Hattie Owen In the book A Corner of the Universe, Hattie Owen is a 12 year old girl. This book takes place in 1960. Hattie is independent, rebellious, and just.
Some authors use transformations in stories to show readers how characters change for the better as they go through hard times or make bad choices. Eugenia Collier uses the transformation in her fictional short story, Marigolds, to show us the change of the main character, Lizabeth, as she changes from childhood to womanhood when she destroys Miss Lottie’s marigolds. The story flashbacked to when Lizabeth was about to turn fifteen in the Depression and took place in the poor neighborhood she lived in, where she and her friends picked on Miss Lottie for being the poorest. Collier uses characterization to show Lizabeth’s change from childhood to womanhood.
The novel When She Woke by Hillary Jordan is about a 26-year-old girl named Hannah, who is trying to earn her life back so that it is normal, but who really knows what normal is anymore and who gets to say when you reach it. Hannah has committed the crime of murder for abortion, to match the crime she committed her skin has been changed to red. Nevertheless, in Hannah 's society, your punishment is having everyone know what you did considering the colour of your skin represents your crime. Flipping her life around Hannah must fight for everything she wants, including the love of her family, but mostly her mother. Hannah is a red, a murderer, Kayla is another red and one of Hannah 's only friends.
Having change our lives is part of human existence and we can go through these changes physically or mentally. Whether you grow a foot taller or are exhilarated by going on a roller coaster, change in our world is evident. Not only do changes happen in the real world, they are also found in pieces of literature. In The Taming of the Shrew by Shakespeare, there are many characters that undergo changes over the course of the play.
Killing is an action that can never be undone. In the novel War Brothers, Sharon E. Mckay examines the impact of this action. War Brothers is a story about four children fighting for survival after their capture by the LRA. During their time in the LRA, they all learn what the true meaning of family is and how you have to look out for not only yourself but others too. There are three characters in the novel that are impacted in different ways by the choice to kill.
We all had time when, after finishing the movie, we thought of the possibilities of the movie character’s life in a modern day. When we feel sorry for the certain movie characters, we say to ourselves or people around us that things would be different if the same scenario happened in a today’s world. The film, “Blue Jasmine” (2013) by Woody Allen is a reference to the “A Streetcar Named Desire” (1951) by Tennessee Williams. The “Blue Jasmine” has so many similarities with everything on the “ A Streetcar Named Desire” but at the same time, holds so many differences including different setting and even holds different significant themes. The “Blue Jasmine” does not contain the same characters with the same characteristics to show that even some of their characteristics would be different if they were in a different time period such as the modern day.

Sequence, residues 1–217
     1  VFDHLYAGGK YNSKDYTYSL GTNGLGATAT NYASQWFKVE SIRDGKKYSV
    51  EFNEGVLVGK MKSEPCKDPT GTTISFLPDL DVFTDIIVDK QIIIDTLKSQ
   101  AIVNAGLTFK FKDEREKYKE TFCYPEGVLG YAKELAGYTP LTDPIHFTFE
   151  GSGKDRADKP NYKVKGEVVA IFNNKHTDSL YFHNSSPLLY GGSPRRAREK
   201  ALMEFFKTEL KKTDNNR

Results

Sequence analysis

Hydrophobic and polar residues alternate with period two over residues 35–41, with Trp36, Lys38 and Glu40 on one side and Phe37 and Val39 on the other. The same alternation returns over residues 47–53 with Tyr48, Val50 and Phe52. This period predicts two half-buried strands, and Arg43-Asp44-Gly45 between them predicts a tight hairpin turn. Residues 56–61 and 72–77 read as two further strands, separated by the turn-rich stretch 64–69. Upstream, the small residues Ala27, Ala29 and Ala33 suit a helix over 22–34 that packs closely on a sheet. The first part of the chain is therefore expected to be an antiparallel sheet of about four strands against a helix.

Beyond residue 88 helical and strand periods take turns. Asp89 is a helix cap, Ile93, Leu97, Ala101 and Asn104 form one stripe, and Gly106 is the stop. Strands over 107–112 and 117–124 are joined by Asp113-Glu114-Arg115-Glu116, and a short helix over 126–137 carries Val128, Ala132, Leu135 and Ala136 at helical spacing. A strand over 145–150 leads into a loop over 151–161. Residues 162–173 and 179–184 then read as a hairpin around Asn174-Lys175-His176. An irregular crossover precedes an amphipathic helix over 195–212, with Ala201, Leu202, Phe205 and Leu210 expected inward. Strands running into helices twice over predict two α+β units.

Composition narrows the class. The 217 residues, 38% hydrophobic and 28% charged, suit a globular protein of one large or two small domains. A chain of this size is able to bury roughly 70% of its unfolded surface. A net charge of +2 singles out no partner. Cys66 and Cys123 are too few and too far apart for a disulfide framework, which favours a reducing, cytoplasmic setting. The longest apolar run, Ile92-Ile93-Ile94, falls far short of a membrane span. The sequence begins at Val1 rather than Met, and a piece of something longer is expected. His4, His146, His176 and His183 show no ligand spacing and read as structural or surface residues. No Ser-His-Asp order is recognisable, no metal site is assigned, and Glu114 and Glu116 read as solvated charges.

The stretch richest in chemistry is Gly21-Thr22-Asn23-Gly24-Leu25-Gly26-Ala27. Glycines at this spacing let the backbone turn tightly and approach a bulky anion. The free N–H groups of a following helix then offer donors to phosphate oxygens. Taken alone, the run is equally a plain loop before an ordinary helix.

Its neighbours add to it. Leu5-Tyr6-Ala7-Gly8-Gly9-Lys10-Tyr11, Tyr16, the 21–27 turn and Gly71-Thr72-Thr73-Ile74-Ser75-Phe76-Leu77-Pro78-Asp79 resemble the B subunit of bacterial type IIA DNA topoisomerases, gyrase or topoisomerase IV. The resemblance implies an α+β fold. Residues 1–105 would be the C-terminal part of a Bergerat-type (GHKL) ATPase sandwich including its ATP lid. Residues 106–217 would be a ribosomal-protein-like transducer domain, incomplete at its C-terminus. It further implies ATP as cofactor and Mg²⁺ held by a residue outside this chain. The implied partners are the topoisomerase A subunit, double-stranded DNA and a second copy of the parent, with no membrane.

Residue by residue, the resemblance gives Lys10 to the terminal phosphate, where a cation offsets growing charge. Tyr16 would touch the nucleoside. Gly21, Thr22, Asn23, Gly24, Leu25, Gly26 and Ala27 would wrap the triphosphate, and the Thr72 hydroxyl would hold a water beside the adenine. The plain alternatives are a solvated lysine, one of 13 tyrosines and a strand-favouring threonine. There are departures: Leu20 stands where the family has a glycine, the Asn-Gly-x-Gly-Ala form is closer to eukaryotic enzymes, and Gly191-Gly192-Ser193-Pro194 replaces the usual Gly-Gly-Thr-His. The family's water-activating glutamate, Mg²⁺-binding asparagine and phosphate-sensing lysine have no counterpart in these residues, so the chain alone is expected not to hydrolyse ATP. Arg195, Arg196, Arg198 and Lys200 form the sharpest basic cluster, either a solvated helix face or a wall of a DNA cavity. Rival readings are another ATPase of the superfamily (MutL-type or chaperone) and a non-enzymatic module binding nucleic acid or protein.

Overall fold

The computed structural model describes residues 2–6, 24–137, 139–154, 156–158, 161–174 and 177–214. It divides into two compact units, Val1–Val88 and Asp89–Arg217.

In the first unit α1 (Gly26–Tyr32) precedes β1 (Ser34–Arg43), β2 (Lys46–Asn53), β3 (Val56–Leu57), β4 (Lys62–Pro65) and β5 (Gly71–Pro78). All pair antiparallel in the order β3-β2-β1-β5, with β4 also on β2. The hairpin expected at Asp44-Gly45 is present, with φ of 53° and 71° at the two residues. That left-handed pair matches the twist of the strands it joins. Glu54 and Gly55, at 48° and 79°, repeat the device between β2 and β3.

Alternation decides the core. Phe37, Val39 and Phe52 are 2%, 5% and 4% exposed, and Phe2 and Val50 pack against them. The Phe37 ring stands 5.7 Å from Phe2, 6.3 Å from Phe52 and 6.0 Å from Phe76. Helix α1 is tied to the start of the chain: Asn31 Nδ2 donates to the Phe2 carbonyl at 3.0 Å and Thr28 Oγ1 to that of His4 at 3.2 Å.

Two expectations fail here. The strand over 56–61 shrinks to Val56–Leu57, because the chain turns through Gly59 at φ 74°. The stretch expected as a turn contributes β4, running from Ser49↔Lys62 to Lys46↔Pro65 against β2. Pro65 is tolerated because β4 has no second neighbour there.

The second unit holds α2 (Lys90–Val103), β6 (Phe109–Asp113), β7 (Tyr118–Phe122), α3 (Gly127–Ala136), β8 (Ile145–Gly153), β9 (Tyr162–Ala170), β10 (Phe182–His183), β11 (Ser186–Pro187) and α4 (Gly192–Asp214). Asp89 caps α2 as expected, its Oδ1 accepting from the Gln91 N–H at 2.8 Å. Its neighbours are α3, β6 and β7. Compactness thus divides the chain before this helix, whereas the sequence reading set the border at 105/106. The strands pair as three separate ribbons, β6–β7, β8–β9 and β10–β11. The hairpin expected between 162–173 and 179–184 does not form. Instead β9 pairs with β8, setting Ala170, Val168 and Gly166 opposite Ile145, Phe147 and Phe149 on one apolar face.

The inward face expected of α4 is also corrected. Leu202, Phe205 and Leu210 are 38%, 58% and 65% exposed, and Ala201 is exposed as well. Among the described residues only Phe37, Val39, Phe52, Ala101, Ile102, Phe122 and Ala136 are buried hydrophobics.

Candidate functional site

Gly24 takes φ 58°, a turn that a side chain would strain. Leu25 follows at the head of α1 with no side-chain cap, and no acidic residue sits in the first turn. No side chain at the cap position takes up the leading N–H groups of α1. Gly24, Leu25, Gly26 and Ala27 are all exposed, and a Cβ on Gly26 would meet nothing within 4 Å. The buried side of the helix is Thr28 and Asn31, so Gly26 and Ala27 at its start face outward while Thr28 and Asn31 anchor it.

The classic 1976 film adaptation of Stephen King's novel Carrie overlaps and intersects themes typical of the high school genre such as sexuality, bullying, loneliness, angst, and rebellion with supernatural elements, family dysfunctionality, and religion. As a result of the abuse Carrie White is subjected to by her religious and extremist mother Margaret, she is victimized by her peers and authority figures, and when she finally lashes out, she becomes a monster. Therefore, Carrie’s monstrosity was created by her mother. The monstrous element, according to Wells, “… is usually an interrogation of the amorphous nature of evil, or an address of the limits of the human condition; physically, emotionally, and psychologically.” Carrie’s outburst is the result of her reaching the limit of abuse she is willing to accept.
In Rainbow Rowell 's Eleanor & Park, we encounter one of the protagonists of the novel, Eleanor Douglas, as a dynamic character. This is shown in the instance when Eleanor transforms from having an exceedingly strenuous time being able to express her emotions to having the capacity to tell Park that she is infatuated with him. Daily, Eleanor is confronted with the hardships of bullying, domestic violence and discrimination. At first, Eleanor is depicted as an extremely timid and easily intimidated character. She does not ever act upon her violent stepfather, Richie, or the popular girl in school, Tina, and all her friends, the people that usually cause the distress that plagues Eleanor.
In the story, “The Palace Thief”, the characters gain different interactions with each other. Throughout the story, those relationships start to change. Mr.Hundert, a main character in the story, develops relationships some of these characters. Here is how those relationships change from the beginning to the end. First up is Sedgewick Bell.
“If by your art… …souls within her” Act 1. SC 2. PG 13. LINES 7-13 I selected this quote because it is the first instance we get insight to the most important characters.